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Life after prison The relationship between employment and re-incarceration

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Abstract

We explore the relationship between formal employment and recidivism using a dataset that follows every Norwegian resident released from prison in 2003 for several years. By the end of 2006, 27 percent are re-incarcerated. Using a Cox proportional hazard model that controls for a host of individual characteristics, we find that the hazard of re-incarceration is 63 percent lower for those getting employed compared to those not getting employed. While some of the moderating association between employment and re-incarceration is accounted for by observable individual characteristics, the substantially lower hazard for those getting employed indicates a possibility of a considerable benign effect of employment on recidivism. Our analysis thus provides further indication that provision of employment opportunities can facilitate the return to society after release from prison.

Suggested Citation

  • Torbjørn Skardhamar & Kjetil Telle, 2009. "Life after prison The relationship between employment and re-incarceration," Discussion Papers 597, Statistics Norway, Research Department.
  • Handle: RePEc:ssb:dispap:597
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    File URL: https://www.ssb.no/a/publikasjoner/pdf/DP/dp597.pdf
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    1. Becker, Gary S, 1993. "Nobel Lecture: The Economic Way of Looking at Behavior," Journal of Political Economy, University of Chicago Press, vol. 101(3), pages 385-409, June.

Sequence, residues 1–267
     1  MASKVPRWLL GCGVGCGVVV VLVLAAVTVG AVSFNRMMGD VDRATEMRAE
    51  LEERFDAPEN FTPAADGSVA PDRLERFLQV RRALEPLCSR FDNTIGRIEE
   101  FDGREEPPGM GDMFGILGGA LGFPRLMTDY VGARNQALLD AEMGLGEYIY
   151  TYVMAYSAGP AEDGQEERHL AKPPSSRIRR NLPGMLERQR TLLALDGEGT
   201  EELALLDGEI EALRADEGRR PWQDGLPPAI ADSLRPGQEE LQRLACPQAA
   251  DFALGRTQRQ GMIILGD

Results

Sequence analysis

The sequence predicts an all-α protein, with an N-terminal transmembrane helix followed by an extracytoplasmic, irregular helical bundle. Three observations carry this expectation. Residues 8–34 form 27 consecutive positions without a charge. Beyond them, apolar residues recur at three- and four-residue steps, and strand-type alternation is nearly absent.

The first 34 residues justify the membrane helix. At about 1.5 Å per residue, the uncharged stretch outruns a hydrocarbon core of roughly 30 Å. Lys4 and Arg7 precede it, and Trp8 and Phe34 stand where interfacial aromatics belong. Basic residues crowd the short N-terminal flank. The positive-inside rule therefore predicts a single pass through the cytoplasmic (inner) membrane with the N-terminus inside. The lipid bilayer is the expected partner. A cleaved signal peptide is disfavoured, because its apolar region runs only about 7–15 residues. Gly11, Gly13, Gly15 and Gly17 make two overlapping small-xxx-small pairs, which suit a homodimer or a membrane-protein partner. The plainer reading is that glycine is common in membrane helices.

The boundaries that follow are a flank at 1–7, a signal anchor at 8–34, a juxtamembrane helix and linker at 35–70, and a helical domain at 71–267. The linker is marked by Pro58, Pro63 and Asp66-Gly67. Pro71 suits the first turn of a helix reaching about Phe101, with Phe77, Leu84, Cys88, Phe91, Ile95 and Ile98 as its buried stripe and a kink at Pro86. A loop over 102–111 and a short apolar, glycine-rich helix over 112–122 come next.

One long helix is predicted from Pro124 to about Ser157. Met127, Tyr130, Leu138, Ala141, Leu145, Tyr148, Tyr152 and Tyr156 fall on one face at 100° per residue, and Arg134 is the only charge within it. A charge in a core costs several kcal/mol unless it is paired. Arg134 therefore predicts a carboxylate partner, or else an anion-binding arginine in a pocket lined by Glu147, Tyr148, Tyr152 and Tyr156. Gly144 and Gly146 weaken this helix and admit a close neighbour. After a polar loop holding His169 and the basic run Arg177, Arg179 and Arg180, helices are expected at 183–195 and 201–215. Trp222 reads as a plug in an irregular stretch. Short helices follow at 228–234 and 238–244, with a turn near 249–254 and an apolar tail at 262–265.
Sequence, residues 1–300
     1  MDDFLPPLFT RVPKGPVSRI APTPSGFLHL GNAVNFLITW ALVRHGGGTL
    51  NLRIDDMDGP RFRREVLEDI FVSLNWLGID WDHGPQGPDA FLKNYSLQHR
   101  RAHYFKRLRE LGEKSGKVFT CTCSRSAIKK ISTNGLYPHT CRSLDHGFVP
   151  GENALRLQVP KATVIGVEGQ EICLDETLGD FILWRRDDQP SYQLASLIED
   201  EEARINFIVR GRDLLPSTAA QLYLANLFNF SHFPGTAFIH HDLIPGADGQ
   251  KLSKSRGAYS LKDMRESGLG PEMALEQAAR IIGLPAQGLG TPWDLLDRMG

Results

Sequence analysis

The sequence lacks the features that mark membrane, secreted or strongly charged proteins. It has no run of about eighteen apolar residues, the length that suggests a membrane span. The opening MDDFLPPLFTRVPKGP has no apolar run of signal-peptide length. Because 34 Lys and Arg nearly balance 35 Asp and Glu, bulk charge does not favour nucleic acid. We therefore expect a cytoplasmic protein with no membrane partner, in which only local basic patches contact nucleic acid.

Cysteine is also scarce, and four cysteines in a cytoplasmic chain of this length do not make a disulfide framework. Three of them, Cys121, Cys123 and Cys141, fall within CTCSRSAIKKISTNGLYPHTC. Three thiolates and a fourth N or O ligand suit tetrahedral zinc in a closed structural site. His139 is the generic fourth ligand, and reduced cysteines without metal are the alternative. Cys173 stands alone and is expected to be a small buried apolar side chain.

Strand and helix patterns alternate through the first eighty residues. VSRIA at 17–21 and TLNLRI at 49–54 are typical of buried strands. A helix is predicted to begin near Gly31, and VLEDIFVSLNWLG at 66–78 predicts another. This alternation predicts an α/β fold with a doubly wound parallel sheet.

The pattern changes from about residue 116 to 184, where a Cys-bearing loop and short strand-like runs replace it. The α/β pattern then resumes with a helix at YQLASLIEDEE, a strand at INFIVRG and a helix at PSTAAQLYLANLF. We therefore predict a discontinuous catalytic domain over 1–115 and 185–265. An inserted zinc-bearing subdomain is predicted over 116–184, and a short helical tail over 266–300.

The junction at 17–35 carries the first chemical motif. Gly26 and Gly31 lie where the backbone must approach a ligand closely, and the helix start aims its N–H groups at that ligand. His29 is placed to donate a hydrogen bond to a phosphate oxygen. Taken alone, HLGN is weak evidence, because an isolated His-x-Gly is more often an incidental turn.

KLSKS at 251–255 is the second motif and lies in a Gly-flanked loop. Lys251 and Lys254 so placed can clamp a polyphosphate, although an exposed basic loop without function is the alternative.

2. Jeffrey Grogger, 1995. "The Effect of Arrests on the Employment and Earnings of Young Men," The Quarterly Journal of Economics, Oxford University Press, vol. 110(1), pages 51-71.
    3. Roed, Knut & Zhang, Tao, 2005. "Unemployment duration and economic incentives--a quasi random-assignment approach," European Economic Review, Elsevier, vol. 49(7), pages 1799-1825, October.
    4. Røed, Knut & Westlie, Lars, 2007. "Unemployment Insurance in Welfare States: Soft Constraints and Mild Sanctions," IZA Discussion Papers 2877, Institute for the Study of Labor (IZA).
    5. Brinch, Christian N., 2007. "Nonparametric Identification Of The Mixed Hazards Model With Time-Varying Covariates," Econometric Theory, Cambridge University Press, vol. 23(02), pages 349-354, April.
    6. Ehrlich, Isaac, 1973. "Participation in Illegitimate Activities: A Theoretical and Empirical Investigation," Journal of Political Economy, University of Chicago Press, vol. 81(3), pages 521-565, May-June.
    7. Fergusson, David M. & John Horwood, L. & Woodward, Lianne J., 2001. "Unemployment and psychosocial adjustment in young adults: causation or selection?," Social Science & Medicine, Elsevier, vol. 53(3), pages 305-320, August.
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    Cited by:

    1. Benjamin Monnery, 2013. "The determinants of recidivism among ex-prisoners: a survival analysis on French data," Working Papers halshs-00822847, HAL.
    2. Bence Czafit & János Köllő, 2015. "Employment and wages before and after incarceration – evidence from Hungary," IZA Journal of European Labor Studies, Springer;Forschungsinstitut zur Zukunft der Arbeit GmbH (IZA), vol. 4(1), pages 1-21, December.
    3. Synøve Nygaard Andersen & Torbjørn Skardhamar, 2014. "Pick a number. Mapping recidivism measures and their consequences," Discussion Papers 772, Statistics Norway, Research Department.
    4. Thomas Søbirk Petersen, 2016. "Some Ethical Considerations on the use of Criminal Records in the Labor Market: in Defense of a New Practice," Journal of Business Ethics, Springer, vol. 139(3), pages 443-453, December.

    More about this item

    Keywords

    prison; recidivism; employment;

    JEL classification:

    • J19 - Labor and Demographic Economics - - Demographic Economics - - - Other
    • K49 - Law and Economics - - Legal Procedure, the Legal System, and Illegal Behavior - - - Other

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